Sunday, September 21, 2014

tasting temple cuisine at Masala Art, Taj Palace and a recipe of jaggery-ginger-tulsi lemonade, the gur ki shikanji

I had the best ganne ka ras recently and it was redolent with flavours of tulsi (holy Basil) and a bit of ginger. Thick pure sugarcane juice is a rare thing to come by and I took another helping at Masala Art, Taj Palace Hotel when I was there to taste their menu around Temple cuisines of India. Nothing can be better than ganne ka ras I though, I could skip having any temple food for this.

But then this tulsi infused water was more fun and I needed it. I had a throat infection and was anyway having a lot of ginger and tulsi infusion at home. Cold water with tulsi felt nice and comforting.

I loved the way they made us wash our hands in a brass urli. Purity while eating is after all a temple ritual.

And then my thali arrived that was a Bengali pujo thali, having all items of bhog in it. I dogged into the khichdi first, just couldn't resist as I have been missing the puja khichdi since my days in Dhanbad. And the khichdi took me back to the pujo days. Exactly the same taste with lightly fired cauliflower florets added in the cooked khichdi.

I liked everything else in this Bengali thali, the shukto, the chorchori, the potoler dalna and chholar daal. The slice of gondhoraj lebu not to be missed. Kheer was good if not excellent. I have had better bong kheer.

They have introduced Temple bhog thalis from all 4 corners of India and I tasted bits form the south Indian thali, the Western thali (Gujrati) and the Punjabi thali. I loved the Gujrati khichdi too and not just for my love of all things khichdi but it was really well done. I wouldn't care for the meethi kadhi or khatte mithe alu but the sukhdi in Guju thali was superb.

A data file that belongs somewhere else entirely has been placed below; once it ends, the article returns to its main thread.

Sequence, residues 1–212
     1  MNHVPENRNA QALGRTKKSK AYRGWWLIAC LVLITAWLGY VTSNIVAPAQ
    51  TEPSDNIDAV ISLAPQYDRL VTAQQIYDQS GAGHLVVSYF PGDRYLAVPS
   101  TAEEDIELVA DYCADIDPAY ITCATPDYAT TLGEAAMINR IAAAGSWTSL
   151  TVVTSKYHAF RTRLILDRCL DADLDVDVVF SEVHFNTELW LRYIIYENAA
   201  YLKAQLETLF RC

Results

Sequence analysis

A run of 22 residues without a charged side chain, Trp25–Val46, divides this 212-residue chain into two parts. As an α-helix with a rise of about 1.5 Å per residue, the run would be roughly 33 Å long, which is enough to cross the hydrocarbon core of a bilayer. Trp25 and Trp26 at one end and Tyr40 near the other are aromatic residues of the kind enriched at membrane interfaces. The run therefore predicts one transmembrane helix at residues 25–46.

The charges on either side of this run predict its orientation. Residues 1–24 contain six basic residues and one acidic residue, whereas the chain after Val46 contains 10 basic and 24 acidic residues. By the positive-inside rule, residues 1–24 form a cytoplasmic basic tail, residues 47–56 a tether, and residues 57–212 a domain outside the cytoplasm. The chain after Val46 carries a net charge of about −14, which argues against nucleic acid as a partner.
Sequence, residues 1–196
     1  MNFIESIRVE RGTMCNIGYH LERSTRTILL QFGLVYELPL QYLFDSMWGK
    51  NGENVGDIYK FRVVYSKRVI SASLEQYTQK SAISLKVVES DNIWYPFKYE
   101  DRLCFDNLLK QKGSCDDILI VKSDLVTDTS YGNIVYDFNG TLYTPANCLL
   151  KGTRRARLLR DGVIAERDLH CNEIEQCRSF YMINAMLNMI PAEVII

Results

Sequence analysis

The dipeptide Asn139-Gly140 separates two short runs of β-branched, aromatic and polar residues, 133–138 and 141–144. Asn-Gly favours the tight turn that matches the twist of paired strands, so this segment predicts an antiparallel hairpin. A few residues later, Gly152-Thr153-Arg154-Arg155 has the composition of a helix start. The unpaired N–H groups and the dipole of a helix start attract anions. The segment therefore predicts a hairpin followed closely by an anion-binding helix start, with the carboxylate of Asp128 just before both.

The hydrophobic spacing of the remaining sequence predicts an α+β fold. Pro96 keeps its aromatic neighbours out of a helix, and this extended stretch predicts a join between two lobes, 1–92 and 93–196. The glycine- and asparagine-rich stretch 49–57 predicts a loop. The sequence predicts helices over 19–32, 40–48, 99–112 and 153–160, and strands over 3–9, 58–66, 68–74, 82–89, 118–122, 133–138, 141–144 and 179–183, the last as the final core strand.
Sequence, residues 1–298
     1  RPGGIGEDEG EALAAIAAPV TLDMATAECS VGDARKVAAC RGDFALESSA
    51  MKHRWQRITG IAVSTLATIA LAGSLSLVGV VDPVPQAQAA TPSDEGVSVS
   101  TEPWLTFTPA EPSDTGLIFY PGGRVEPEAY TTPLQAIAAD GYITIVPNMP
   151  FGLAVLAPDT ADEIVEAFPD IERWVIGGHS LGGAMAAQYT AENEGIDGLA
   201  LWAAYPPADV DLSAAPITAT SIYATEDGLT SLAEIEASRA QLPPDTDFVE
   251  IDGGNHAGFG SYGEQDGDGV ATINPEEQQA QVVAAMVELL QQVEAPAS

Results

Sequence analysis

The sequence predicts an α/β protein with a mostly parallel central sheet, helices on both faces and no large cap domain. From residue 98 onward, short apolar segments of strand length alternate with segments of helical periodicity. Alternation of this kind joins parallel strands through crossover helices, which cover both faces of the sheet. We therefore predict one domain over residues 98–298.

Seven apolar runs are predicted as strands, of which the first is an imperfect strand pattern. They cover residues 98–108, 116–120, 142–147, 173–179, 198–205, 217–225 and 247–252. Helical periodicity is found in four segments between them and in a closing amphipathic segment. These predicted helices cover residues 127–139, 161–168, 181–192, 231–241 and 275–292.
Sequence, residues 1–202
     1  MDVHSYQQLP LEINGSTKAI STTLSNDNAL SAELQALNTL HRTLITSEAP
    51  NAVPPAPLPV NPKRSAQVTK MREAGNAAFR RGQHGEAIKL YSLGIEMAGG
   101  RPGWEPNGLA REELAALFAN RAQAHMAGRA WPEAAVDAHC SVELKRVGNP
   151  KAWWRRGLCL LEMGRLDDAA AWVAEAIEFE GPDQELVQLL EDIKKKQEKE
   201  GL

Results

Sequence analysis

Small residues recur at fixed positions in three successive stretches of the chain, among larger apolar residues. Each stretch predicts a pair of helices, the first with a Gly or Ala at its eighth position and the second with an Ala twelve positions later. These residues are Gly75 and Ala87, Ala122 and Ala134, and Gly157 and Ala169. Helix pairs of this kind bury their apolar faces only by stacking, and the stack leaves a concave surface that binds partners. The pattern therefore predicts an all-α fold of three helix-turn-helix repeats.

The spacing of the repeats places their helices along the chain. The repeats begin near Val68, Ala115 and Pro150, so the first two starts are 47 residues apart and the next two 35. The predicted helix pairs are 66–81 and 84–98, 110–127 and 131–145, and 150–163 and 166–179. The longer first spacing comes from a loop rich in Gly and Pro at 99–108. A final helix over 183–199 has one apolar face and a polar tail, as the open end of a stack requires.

I tasted a few things from the south Indian thali too. Loved the rasam but sundal and pulihora was dull, a bit too dry for my taste.

Here is the Punjabi thali which had the chhole, daal makhni, tari wale alu etc and everything was done right. Chhole a bit too tart but it is a personal choice. What I loved the most was atte ka halwa that was made just like home.

 I have never tasted such good atte ka halwa apart from my own home. Kudos to the team to attempt this atte ka halwa for a menu, it is not easy to pull off.

Masala art will be doing this Temple cuisine thali every Navratra and one can enjoy these traditional meals without onion and garlic twice a year. They serve bengali kosha mangsho, bhetki paturi, chingri malai curry etc as well in their seafod thali and nonveg thali during Navratras. Bengalis eat all kinds of foods outside the puja pandal so it makes sense.

And then I was back home after a generous dose of temple cuisine into my system. I had eaten so much I skipped the dinner that day and breakfast the next day. But when I got hungry, I wanted ganne ka ras.

The closest I could do is gur ki shikanji and that is what I did.

Here is how to do it.

Boil 1 tbsp of grated fresh ginger root and a handful of tulsi leaves in a liter of water. Turn off the gas as soon as the water boils. Cover and let it cool. Strain the infusion when cold.

Add 3 tbsp of fresh lime juice and 2 tbsp of natural unbleached sugar or grated jaggery to the infusion and dissolve well.

Serve with or without ice cubes. I still had a mild throat infection so enjoyed the gur ki shikanji at room temperature.

You can even have this infusion warm if you want to have it in winters. Gur ki shikanji would be a nice adrak tulsi ki chai in that case.

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